Nikolai Khabibulin will be in familiar territory when he takes to the crease in Tampa Bay Thursday night.
In net instead for the 'Hawks will be Nikolai Khabibulin, a familiar face to both fanbases.
Fans' memories of the 40-year-old veteran likely differ according to the sweater they favor, but Khabibulin has a lot of history with both the 'Hawks and the Lightning. As he nears the end of a long NHL career, this could well be Khabibulin's swan song at the scene of his greatest triumph.
The well-traveled goalie has suited up for five NHL franchises, but none for more than a four-year stretch at a time as he enters his 18th season in the league. That includes his previous tour of duty with the Blackhawks, as well as stops in Edmonton, Tampa Bay, Phoenix and Winnipeg, which drafted the Russian native in the ninth round back in 1992.
It's been an interesting journey for Khabibulin, to say the least. Khabibulin has had an eventful career, from holding out in the 1999-2000 season when he couldn't come to terms with the Coyotes to a stormy four-year run with Chicago following the 2004 NHL lockout.
It is with the Lightning, however, where Khabibulin experienced his greatest achievements, making two All-Star appearances and helping Tampa Bay to the 2003-04 Stanley Cup. He posted five shutouts in the 2004 playoffs to finish with a 1.71 goals against average and a .933 save percentage in 23 games.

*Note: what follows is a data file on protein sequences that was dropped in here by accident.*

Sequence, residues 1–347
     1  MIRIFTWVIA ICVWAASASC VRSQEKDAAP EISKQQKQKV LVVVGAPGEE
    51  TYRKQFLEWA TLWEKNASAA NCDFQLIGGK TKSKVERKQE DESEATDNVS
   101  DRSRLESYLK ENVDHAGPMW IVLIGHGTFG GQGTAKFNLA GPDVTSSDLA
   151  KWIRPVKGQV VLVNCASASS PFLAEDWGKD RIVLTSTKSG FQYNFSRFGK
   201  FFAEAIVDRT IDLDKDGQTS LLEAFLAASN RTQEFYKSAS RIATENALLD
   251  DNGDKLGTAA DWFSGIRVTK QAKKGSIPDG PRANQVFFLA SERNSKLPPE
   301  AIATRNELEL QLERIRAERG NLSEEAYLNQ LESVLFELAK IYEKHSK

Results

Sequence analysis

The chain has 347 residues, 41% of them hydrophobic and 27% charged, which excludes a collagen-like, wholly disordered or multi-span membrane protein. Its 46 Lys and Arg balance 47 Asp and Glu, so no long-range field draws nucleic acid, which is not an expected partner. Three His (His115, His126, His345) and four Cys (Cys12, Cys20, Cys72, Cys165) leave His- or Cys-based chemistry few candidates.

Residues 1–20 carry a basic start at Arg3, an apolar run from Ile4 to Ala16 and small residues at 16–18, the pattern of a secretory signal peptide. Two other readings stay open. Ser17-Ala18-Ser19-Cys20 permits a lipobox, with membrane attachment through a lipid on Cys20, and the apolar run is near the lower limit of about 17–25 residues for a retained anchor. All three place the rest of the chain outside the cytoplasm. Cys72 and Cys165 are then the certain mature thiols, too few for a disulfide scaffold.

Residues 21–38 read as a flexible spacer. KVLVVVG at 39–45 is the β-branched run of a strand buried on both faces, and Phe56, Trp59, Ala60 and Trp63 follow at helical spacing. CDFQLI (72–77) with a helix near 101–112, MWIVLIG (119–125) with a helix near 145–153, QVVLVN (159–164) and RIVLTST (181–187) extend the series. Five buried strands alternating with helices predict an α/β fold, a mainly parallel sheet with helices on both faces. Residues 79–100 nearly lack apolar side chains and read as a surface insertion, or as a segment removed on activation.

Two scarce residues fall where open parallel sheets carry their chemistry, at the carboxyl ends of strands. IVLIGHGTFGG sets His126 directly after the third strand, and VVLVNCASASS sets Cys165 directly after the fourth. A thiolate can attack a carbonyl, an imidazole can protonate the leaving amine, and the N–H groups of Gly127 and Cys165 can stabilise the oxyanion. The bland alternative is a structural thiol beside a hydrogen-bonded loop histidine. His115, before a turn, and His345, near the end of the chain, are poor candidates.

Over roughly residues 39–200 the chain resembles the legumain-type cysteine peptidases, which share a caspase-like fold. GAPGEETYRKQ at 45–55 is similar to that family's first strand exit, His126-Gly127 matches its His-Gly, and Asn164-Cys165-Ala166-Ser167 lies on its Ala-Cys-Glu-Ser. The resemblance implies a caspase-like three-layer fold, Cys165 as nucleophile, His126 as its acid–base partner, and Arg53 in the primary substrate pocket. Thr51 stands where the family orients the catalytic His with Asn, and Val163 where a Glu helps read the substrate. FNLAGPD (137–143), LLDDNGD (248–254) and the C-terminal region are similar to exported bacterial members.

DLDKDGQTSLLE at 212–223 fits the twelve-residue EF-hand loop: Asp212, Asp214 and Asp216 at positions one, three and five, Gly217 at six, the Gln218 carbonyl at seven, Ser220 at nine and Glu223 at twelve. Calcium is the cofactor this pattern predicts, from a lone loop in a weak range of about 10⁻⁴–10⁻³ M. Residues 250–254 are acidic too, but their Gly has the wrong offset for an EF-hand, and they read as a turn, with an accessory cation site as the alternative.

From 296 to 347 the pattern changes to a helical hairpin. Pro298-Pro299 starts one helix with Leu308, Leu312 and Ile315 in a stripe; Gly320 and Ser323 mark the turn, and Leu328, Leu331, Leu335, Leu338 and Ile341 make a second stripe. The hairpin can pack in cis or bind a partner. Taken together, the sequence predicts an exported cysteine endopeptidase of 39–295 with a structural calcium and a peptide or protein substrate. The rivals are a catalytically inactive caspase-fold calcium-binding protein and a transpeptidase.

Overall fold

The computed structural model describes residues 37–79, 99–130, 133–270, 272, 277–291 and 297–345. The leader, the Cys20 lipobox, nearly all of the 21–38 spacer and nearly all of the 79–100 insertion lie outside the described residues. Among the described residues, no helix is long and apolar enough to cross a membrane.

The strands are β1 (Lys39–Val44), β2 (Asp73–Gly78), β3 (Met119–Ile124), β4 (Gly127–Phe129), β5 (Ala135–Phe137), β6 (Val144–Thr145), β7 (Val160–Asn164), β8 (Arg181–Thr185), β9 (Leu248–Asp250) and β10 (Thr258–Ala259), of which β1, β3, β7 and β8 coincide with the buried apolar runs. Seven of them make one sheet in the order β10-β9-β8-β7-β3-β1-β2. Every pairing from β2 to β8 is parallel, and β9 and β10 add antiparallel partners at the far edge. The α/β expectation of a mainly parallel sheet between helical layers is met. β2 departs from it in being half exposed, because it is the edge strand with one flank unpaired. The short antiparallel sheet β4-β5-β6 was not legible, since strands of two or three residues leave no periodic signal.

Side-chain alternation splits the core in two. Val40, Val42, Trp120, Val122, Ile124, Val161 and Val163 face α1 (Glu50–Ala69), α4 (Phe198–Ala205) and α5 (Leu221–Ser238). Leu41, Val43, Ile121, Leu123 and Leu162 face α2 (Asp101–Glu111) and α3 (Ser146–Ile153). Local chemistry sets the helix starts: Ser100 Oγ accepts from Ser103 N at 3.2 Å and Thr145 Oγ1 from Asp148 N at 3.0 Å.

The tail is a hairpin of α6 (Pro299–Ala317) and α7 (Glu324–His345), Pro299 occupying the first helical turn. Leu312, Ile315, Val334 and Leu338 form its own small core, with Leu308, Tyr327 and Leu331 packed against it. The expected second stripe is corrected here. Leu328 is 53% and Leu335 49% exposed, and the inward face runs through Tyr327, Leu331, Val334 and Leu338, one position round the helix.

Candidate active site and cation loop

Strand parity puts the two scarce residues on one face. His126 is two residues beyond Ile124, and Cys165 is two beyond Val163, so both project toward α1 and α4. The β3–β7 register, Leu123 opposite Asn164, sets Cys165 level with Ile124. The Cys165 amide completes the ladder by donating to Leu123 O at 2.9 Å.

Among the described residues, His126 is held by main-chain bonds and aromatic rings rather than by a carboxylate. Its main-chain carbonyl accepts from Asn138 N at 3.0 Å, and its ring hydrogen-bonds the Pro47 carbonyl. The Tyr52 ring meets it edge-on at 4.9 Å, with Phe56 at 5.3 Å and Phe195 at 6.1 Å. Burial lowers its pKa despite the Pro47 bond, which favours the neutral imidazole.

Following the lockout, Khabibulin signed a four-year, $27 million contract with the Blackhawks, but was mostly a disappointment, leading Chicago to go so far as to put him on waivers before the start of the 2008-09 campaign.
Khabibulin went unclaimed and won back the starting job from Cristobal Huet by the time the 'Hawks made their first playoff appearance in six seasons in 2009. A lower-body injury put an end to his first tenure in Chicago and also ended the Blackhawks' chances in the Western Conference Final.
The injury was an omen for his next stop with the Oilers, where he spent as much time on the trainer's table as in the crease for Edmonton. In four seasons with the Oilers, Khabibulin appeared in just 117 of 294 possible games.
Khabibulin was a surprise acquisition by Blackhawks vice president and general manager Stan Bowman this summer. With Crawford likely to get most of the action in net, Khabibulin enters the final chapter of his career in the role of a veteran backup.
In his first start of the season, Khabibulin stopped 17 of 19 shots in a 3-2 victory over the New York Islanders. It appears that the expectations are for Chicago's oldest player to log 15-20 games in net behind Crawford.
Khabibulin has met the Lightning three times since departing after their Stanley Cup season. He is 2-0-1 in those games with a 1.95 goals against average and a .929 save percentage. His last start against Tampa Bay ended in a shootout loss on March 22, 2012 with Edmonton.
Khabibulin is not the same player he was when he hoisted hockey's greatest trophy nearly 10 years ago, but Chicago isn't expecting that player. The Blackhawks need Khabibulin to just give them a solid effort and keep them in games these days.
Maybe, though, the veteran can still find some magic in the air at Tamp Bay Times Forum. Who knows? We could see yet another raising of the Bulin Wall in goal on Thursday night.